That was the tweet/post I put on Facebook on Saturday. I have no great hopes that anyone will take any notice, but we must try. The very last thing we should be doing is having any truck with, or granting any legitimacy to, any plebiscite or referendum on our rights. And I urge our supporters in both House of Parliament to do likewise.
It’s still not clear if Warren Entsch’s cross party marriage equality bill will go to a vote Monday. Abbott has expressed a clear wish for the bill to die so he can hold either a plebiscite or a referendum first, sometime after the next election. But he may let the bill go to a vote to see if he can flush out anyone he needs to sack, or at least keep a close eye on. A thousand flowers bloom, and all that.
Meanwhile, let’s have a look at the pros and antis, plus a brief primer on the differences between a plebiscite and a referendum, and why they’re both toxic.
Scott Morrison and Joe Hockey want a referendum to enshrine one-man-one-woman in the constitution, some unspecified time after the next election. They are backed to a greater or lesser degree by Mathias Cormann, Peter Dutton, Michaelia Cash, Eric Abetz, Kevin Andrews and Concetta Fierravanti-Wells, all strongly opposed to equal marriage.
George Brandis and Christopher Pyne both hit out publicly at Morrisson, and rubbished the suggestion of a referendum. Malcolm Turnbull doesn’t want either a plebiscite or a referendum, but if it’s to be a plebiscite, he wants it held before the election. Or alternatively, a bill now, which would not come into force unless endorsed by a post-election plebiscite. Or something.
(The antis, both in cabinet and the wider party, are hoping to force Turnbull to cross the floor, and thus consign him to the back bench.)
The Backstreet Boys
Concerned that the anti-marriage tracks were not getting enough play in the par-tay, Sukkar and ACT senator Zed Seselja have hooked up with similar godly MPs, including Corey Bernardi and Matt Canavan to formulate a counterattack.
The Woman in White
Or is it Black? Who knows. She’s keeping her cards so close to her chest she has trouble getting her bra on in the morning. Best guess is that she’s waiting to see which side is clearly winning before she makes a move.
Plebiscite v Referendum
A referendum changes the Constitution. To pass, the question must be passed by a majority of all Australians nationwide, plus a majority in at least 4 of the 6 states. Voting is compulsory.
A lot depends on the question and how it is framed (remember the republic mess). The result is binding on the government. So it’s very hard to win a referendum, and even harder to undo one, too. It also takes a long, long time. We do not, under any circumstances want a referendum. The end.
A plebiscite is simpler. It’s basically just a huge opinion poll. The same comments re how the question is framed apply. It only needs a majority of all Australians nationwide to pass. Voting need not be compulsory – a special Act has to be passed for each plebiscite which specifies how, when, what the question is, whether it’s compulsory or not, etc etc.
The result is not binding, merely advisory, so it can be ignored if it’s distasteful to the government of the day. The plebiscite to choose a new national anthem, selecting Advance Australia Fair, passed in 1977. Politicians delayed acting on that a while. God Save The Queen was finally dropped in 1984.
Either would cost somewhere north of $100 -$150 million.
Nothing About Us Without Us
The major problem is that in either case our enemies will control all the variables, from the wording of the question to be put, to when it is asked, to who is funded to campaign and how, even down to the colour and design of the ballot paper. They make all the rules. We cannot allow that.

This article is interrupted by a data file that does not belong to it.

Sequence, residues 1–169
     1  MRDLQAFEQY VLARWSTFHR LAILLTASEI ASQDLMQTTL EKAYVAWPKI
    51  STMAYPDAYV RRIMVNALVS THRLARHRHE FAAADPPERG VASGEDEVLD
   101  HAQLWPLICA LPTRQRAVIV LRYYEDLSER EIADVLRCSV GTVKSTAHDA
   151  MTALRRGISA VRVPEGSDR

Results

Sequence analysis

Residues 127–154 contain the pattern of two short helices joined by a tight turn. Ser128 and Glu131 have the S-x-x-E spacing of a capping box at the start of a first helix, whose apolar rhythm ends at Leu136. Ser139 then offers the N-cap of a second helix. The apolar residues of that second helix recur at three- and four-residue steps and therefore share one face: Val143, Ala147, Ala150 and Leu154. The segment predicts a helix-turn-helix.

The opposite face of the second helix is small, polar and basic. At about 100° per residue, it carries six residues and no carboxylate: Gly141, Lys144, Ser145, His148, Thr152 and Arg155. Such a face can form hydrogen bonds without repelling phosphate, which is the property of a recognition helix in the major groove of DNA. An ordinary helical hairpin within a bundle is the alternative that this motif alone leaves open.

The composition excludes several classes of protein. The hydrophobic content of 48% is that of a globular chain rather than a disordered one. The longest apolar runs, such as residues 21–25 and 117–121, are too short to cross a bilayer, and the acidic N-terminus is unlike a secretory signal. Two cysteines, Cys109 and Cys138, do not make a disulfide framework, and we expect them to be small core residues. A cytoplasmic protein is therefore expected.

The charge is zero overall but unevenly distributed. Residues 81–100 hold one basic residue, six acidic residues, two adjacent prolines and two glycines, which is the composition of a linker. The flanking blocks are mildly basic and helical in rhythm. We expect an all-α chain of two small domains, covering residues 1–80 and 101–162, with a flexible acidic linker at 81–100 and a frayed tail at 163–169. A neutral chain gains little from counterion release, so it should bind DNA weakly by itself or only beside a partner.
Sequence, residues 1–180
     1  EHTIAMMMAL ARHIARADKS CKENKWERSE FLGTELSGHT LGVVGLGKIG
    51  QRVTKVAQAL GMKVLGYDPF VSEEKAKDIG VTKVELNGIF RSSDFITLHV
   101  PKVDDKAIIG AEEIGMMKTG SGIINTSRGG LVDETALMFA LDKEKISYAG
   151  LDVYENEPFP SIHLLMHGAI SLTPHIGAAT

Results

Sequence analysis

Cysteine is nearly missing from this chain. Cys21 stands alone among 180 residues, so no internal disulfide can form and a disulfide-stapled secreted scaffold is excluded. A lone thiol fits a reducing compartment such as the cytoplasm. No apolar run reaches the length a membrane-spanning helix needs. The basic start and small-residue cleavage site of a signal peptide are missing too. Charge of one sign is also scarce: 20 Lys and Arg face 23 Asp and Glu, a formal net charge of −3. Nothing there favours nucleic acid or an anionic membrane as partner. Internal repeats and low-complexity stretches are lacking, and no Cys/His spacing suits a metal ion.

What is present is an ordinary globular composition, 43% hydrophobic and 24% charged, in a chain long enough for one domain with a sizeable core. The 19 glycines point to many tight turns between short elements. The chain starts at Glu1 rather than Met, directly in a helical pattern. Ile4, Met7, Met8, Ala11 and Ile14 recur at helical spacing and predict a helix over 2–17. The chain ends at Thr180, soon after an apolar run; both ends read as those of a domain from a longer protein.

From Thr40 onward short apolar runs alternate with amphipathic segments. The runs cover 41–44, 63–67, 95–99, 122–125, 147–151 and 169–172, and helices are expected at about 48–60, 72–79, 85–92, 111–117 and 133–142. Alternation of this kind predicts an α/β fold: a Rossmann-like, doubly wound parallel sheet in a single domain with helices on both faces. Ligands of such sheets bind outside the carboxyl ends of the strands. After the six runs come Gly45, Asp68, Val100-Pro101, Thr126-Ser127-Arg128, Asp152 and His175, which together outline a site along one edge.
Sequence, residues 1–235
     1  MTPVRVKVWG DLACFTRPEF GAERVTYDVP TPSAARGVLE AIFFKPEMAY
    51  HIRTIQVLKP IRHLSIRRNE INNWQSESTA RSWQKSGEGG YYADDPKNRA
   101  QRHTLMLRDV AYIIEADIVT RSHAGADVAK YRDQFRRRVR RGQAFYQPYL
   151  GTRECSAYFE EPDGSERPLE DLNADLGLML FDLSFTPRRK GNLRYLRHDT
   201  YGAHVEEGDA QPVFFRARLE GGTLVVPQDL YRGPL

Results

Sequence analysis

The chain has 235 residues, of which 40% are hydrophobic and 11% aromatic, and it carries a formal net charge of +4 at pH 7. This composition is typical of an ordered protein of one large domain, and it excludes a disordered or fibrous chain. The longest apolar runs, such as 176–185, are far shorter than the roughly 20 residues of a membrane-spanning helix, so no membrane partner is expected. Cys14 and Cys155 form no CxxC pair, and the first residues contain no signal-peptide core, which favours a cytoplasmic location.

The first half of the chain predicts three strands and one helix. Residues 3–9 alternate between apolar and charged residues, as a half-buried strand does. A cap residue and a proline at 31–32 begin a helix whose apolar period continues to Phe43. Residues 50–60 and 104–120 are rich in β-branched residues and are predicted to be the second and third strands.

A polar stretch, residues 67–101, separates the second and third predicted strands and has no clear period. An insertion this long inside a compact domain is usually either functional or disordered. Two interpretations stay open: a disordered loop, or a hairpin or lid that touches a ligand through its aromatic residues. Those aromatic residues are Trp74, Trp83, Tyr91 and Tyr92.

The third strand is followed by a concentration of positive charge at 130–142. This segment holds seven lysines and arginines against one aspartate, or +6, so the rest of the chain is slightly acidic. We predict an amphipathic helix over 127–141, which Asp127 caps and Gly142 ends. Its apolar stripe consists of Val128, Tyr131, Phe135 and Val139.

Well here’s a good rule: no decisions about us, without us. If we are to compromise and acquiesce in a totally unnecessary plebiscite, WE, and not Abbott and friends, must have final veto over every aspect of the process. Wording of the question, design of the ballot paper, the date of the vote, the wording of the enabling bill. At every step of the way, we must have representatives involved, funded by the federal government.
And do think they will agree to this? Give up a skerrick of control? No, of course not. But unless they agree to those terms, we should have nothing whatever to do with the plebiscite. Because it would be totally rigged against us.
One way round this problem would be for Labor, Greens & the cross benchers to pass a Senate bill for a plebiscite, drafted by LGBTI representatives, and challenge Abbott to support it in the lower house.
Chamberlain or Churchill
Which brings me back to my tweet/post at the head of this article.
The big problem we have is that our enemies are prepared to lose power rather than cede one inch of ground. They are fanatically determined to die in a ditch rather than see me marry my husband of the last 23 years (Happy Anniversary Today Darling!). They are ruthless, determined and unprincipled. If they get their referendum or plebiscite they will unleash such a torrent of anti gay propaganda as we have never seen, with incalculable consequences for our people.
Whereas our parliamentary troops are – how shall I put this? Nice. Too nice. So far they have shown no inclination to die in a ditch for LGBTI equality, and that is the level of commitment that is required to for us to win. This is a high stakes game.
Niceness, fairness and charm don’t cut it. You don’t send a diplomat to war, and a war is what this now is. We need a Churchill, not a Chamberlain.
And if a plebiscite if forced on us regardless, we must campaign against it with everything we have, but not participate it in any way. Deny its legitimacy. Destroy the voting papers. Boycott the process. And at the election, campaign relentlessly against any MP who has voted for it, or participated in it. The time for niceness is over.